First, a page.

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John L 04-05-2008 05:08 PM

reinsulating an old attic
Hi to all. I am presently renovating an older house which was built in 1945.
The insulation consists of wood chips. My question is , should I just lay R25 insulation directly over these chips or can I lay down a vapour barrier first and then put down the fibre glass insulation. This house does not have and existing vapour barrier in place. I'm concerned that if I put the vapour barrier between the wood chips and the fibreglass insulation I may develope moisture problems. Would appreciate an educated opinion. Thanks.:laughing:

Ron6519 04-07-2008 01:56 PM

If you have wood chips. I would probably remove them. I don't think mulch has alot of "R" value. Plus it burns and can harbor insects and rodents.
Install the insulation against the ceiling over a plastic barrier. It might be easier to blow it in as opposed to batts.

Maintenance 6 04-08-2008 06:26 AM

First, for the amount of space they are taking up, the wood chips aren't doing much for you. I'd get rid of them and use the space for more insulation. Second, I would install a vapor retarder. Either use paper faced fibreglas or plastic. If you use plastic, you cannot run it over the tops of the joists. You'll get condensation where the plastic is exposed to the cold air.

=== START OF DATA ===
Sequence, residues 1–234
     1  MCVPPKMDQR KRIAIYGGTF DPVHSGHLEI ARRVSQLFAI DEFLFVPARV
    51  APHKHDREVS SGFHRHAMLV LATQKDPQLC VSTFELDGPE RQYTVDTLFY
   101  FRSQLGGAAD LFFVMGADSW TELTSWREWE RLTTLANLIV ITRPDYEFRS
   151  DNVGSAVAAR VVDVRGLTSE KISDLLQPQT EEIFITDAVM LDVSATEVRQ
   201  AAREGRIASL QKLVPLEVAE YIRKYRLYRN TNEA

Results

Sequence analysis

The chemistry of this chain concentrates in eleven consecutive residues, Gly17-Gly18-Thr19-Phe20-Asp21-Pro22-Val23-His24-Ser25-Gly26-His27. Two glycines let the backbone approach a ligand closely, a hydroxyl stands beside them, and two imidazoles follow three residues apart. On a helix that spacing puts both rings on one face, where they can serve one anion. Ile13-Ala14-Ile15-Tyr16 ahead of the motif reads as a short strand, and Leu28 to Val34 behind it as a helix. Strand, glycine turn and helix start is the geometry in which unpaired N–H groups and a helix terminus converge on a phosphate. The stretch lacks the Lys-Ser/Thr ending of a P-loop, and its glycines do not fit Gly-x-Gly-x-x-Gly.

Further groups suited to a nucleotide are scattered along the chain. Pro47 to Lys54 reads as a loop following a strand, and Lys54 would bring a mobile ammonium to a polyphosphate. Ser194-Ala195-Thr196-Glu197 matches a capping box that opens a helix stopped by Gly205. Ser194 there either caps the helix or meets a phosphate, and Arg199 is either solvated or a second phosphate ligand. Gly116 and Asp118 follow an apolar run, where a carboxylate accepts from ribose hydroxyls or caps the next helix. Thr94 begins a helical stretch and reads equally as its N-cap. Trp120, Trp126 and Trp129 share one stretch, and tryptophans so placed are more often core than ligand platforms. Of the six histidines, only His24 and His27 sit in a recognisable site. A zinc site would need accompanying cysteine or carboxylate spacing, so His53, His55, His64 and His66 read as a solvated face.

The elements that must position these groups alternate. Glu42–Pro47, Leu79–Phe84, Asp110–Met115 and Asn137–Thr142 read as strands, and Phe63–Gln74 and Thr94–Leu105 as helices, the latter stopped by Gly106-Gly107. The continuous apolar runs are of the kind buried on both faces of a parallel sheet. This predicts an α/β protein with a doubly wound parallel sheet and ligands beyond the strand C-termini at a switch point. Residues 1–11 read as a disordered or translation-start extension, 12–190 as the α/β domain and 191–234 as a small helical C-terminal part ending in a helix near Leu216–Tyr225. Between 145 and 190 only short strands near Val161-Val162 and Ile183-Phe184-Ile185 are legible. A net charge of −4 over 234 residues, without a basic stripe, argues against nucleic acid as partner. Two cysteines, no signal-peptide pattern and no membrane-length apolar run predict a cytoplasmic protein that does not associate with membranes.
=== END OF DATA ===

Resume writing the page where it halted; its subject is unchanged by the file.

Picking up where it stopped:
joasis 04-08-2008 06:28 PM

You didn't indicate your location, but cellulose insulation would be a far superior choice then anything fiberglass. Regardless of all the traditional though on the subject and the PR from Owens Corning, fiberglass has very little effective insulation value.

Remove the wood chips, lay a barrier if needed, and then get an insulator to blow it, or go to a box store and buy the cellulose and they will "loan" or rent the machine and DIY.

Knucklez 04-09-2008 09:56 PM

4 Attachment(s)
i blew in loose cellulose in attick and walls (there was previously NO insulation in the walls at all!). no vabour barrier as there was none previous anyway. heating bill came down so much that i made the money back in one winter :)

here are some pointers to remember about blowing in your own insulation...

when the insulation is pumping through 100' of hose it builds up one hell of a static charge. it can be so bad that you feel noxious or light headed. also, i was wearing a watch that stopped working because of the static electricity build up. so take off your watch & cell phone!

also you must clean the air vent on the blowing machine every now and again.

the machine itself is heavey as hell. you probably want to leave it outside while you run the hose inside your house (or outside if you are insulating from the outside). so pick a day with good weather.


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